Preschool children are known for being little tornados. They go from one activity to another and wear out the adults in their charge. Of course, as they get older they calm down—most of the time. As children go through school, many things that were once thought to be exuberance are diagnosed as Attention Deficit Hyperactivity Disorder (ADHD). While there are children with ADHD, many of these children may be rambunctious because they have vision problems.
Many children who are misdiagnosed actually have conditions such as convergence insufficiency or hyperopia. In fact, one sign that a child could have a vision problem instead of ADHD is if he or she is taking hyperactivity medication and it isn’t working. One instance of convergence insufficiency dealt with one child who was originally diagnosed with ADHD. While he was intelligent and eager to learn, he avoided reading and often felt overwhelmed to the point of nausea. His parents were skeptical about the diagnosis and opted to have their son’s vision tested with a developmental optometrist before having the child receive any medication. The optometrist discovered that he had convergence insufficiency. His problem was due to one eye being myopic. To compensate, his brain turned on and off each eye during the day and that lead to nausea. He went through a regiment of vision therapy, and after eight months the nausea was gone and his grades improved.
Adults also benefit from when their vision is checked by a specialist. Another case of convergence insufficiency dealt with an adult who wasn’t able to process and retain written material. This held him back from promotions and he feared that he was developing Alzheimer’s Disease. An eye exam showed that he had 20/20 vision with his eyeglasses, yet when he focused on a penlight as it moved within 12 inches of his eyes, he experienced double vision. Other tests confirmed that he had convergence insufficiency. He went through a regimen of vision therapy to teach his eye to work together. Thanks to this therapy, his reading speed and comprehension improved.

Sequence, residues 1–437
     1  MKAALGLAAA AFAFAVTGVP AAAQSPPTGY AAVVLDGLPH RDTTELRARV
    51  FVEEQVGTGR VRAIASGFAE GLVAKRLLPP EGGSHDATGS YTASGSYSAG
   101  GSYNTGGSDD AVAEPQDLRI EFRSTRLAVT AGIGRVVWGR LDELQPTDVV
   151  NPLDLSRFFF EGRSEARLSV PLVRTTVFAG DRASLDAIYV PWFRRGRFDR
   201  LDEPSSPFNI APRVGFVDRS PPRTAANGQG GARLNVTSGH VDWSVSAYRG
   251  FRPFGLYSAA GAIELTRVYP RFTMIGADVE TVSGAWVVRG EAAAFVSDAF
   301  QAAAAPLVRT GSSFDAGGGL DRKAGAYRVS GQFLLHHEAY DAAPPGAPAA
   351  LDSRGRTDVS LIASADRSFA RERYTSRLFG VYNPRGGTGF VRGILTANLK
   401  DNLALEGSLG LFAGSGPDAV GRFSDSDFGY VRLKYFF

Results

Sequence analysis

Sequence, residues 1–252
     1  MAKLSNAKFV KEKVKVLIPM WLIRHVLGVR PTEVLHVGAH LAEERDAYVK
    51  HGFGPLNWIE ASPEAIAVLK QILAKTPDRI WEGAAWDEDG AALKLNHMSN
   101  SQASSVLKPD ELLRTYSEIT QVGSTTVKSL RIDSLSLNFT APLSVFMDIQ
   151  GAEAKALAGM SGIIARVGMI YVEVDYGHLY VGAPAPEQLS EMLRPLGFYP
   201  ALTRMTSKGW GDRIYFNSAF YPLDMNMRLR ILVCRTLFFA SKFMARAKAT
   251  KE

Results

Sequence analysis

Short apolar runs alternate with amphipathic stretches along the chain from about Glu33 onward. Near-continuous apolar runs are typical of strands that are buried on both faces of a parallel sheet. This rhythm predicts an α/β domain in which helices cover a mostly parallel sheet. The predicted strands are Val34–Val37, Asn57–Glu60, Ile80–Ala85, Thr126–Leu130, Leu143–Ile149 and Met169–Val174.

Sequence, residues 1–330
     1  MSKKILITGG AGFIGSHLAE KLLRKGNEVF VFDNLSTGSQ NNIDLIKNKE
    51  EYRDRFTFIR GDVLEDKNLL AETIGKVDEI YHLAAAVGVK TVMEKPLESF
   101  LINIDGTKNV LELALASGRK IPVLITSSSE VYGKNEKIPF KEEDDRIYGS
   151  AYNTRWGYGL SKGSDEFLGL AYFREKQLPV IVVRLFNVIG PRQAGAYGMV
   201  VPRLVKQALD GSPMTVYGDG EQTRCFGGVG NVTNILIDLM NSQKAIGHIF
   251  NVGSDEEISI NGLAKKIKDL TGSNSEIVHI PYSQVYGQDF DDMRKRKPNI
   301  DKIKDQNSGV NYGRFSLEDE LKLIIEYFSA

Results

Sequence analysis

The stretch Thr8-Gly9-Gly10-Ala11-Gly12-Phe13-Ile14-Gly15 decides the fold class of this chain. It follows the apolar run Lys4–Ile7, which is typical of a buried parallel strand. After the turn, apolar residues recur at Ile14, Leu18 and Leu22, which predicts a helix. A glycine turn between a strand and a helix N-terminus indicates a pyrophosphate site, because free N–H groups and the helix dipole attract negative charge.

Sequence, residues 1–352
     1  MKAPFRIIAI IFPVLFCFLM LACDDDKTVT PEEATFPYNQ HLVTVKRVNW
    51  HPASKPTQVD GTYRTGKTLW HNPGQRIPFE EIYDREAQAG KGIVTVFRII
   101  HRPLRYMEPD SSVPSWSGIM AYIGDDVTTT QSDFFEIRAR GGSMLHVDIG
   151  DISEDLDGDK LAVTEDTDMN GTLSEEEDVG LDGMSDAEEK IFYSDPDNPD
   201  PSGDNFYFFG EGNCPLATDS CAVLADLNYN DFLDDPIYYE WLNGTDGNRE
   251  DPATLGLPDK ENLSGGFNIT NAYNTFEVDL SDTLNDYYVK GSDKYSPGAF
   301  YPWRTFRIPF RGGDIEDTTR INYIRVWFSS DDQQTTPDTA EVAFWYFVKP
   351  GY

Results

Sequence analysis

Convergence insufficiency isn’t the only thing to be on the lookout for when it comes to children. One study done at Ohio State University found that kids in preschool and kindergarten who have hyperopia have a hard time paying attention. In turn, this can lead to decreased early literacy. While some children in this study were able to focus and make adjustments, others weren’t able to do this. Among those who couldn’t adjust, they had lower scores on tests of hand-eye coordination, visual attention and visual perception. Researchers plan to do further studies to see if glasses that correct hyperopia will help children improve their literacy skills.
While medications have helped both children and adults diagnosed with ADHD, it is important for patients to get a second opinion, especially if the patient experiences physical discomfort when it comes to reading or writing. So, if a patient complains of physical discomfort when reading or talks about a child having these problems, ask if they have seen a vision specialist. If they haven’t, refer them to one.